We spent our last day in Brazil at farm show.
It was a grand outdoor ag expo modeled after the Farm Progress Show.
The Illinois Soybean Association board members that I am with were met at the show by television crews, newspaper reporters and radio broadcasters.
Even in the U.S. farmers usually don’t get this much attention.
"Why are you here?” all the reporters asked.
Ron Moore, the ISA chairman, explained that the group had traveled to the country to learn about Brazilian agriculture, to meet some of the country’s farmers and to learn if there might be ways they could work together on common trade and policy issues.
“We don’t consider you to be competitors,” he said. “We’re colleagues and we want to work together to feed the world and improve people’s lives.”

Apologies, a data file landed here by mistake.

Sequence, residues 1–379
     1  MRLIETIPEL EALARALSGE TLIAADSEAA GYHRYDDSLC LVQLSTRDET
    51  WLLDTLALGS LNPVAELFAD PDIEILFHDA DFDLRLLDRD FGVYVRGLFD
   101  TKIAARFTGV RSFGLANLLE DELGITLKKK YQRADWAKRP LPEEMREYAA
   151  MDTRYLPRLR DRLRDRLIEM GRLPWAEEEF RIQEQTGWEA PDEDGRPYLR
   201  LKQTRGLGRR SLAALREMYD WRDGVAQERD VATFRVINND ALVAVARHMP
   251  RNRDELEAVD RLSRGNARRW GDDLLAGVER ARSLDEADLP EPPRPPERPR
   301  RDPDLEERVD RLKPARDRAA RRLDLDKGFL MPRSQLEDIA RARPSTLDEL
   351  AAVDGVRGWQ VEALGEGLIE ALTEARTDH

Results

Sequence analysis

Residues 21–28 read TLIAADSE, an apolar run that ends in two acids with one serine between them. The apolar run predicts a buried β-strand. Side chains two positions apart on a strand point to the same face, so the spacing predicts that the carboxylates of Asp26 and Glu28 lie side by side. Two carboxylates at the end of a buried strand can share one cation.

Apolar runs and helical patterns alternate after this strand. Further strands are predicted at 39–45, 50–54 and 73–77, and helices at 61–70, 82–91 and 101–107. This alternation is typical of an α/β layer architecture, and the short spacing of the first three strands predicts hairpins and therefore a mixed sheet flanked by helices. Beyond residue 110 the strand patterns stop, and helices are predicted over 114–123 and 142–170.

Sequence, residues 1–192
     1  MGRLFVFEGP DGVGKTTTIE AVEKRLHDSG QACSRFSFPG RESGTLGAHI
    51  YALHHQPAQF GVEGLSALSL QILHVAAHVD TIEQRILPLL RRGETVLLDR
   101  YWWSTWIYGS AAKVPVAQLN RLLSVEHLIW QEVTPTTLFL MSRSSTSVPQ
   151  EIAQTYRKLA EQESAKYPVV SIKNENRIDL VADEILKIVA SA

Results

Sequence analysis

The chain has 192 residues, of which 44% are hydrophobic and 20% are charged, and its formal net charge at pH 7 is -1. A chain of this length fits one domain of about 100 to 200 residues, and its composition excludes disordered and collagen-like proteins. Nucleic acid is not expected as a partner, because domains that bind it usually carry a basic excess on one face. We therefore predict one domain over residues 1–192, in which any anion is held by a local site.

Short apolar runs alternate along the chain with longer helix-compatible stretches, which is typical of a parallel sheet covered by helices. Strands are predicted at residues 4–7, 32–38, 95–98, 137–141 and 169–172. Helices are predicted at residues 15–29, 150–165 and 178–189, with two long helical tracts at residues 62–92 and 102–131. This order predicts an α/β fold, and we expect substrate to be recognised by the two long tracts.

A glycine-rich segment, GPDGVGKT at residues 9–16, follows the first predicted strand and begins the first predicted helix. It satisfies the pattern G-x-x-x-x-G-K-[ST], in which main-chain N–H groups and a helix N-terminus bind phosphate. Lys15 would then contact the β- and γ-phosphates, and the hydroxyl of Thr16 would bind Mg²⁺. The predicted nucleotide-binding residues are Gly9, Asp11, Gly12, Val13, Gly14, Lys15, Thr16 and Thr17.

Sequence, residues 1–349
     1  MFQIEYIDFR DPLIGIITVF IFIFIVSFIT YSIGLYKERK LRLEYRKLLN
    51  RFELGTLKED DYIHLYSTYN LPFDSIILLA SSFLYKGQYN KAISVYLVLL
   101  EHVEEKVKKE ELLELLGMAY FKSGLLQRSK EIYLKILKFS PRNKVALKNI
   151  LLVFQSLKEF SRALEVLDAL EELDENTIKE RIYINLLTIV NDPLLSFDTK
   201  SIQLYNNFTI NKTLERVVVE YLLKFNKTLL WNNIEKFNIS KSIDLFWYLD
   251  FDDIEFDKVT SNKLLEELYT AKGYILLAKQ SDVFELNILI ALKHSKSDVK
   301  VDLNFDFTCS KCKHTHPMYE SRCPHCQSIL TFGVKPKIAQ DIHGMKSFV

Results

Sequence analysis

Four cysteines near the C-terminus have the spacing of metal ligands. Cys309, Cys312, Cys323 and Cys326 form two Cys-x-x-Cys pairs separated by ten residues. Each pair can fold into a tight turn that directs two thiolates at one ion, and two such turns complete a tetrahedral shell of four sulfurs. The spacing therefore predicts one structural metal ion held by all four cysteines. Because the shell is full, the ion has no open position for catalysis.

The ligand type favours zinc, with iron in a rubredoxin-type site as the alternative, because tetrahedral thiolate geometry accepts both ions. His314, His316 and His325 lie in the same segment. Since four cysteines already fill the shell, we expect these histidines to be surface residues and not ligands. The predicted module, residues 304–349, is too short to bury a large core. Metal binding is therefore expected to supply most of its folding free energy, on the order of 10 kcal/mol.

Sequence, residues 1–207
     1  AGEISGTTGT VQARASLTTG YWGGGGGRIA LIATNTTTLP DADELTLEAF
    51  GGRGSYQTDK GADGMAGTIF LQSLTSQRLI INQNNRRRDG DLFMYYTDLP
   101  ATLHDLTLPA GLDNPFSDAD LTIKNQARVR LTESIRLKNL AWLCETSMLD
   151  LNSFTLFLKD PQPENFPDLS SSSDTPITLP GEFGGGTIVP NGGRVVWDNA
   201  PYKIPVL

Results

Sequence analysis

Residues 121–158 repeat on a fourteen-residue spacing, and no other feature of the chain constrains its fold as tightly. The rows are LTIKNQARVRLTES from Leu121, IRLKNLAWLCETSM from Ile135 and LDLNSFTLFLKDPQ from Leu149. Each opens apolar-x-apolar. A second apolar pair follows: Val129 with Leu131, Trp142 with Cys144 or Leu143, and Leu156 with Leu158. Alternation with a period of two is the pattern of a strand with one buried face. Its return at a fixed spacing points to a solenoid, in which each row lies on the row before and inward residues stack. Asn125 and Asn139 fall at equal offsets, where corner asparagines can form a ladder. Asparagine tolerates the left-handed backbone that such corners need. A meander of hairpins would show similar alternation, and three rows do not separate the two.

A TV reporter even interviewed me.
She asked why America farmers would want to come to Brazil when America farms were more advanced than those in Brazil.
I replied that they didn't it wasn't true. Brazil agriculture seemed plenty progress and plenty exciting. And besides farmers like seeing falways farms and meeting other farmers. They learn best from each other.
She seemed satisified with the answer and I was happy to again be on the other side of the camera, asking questions rather than trying to answer them.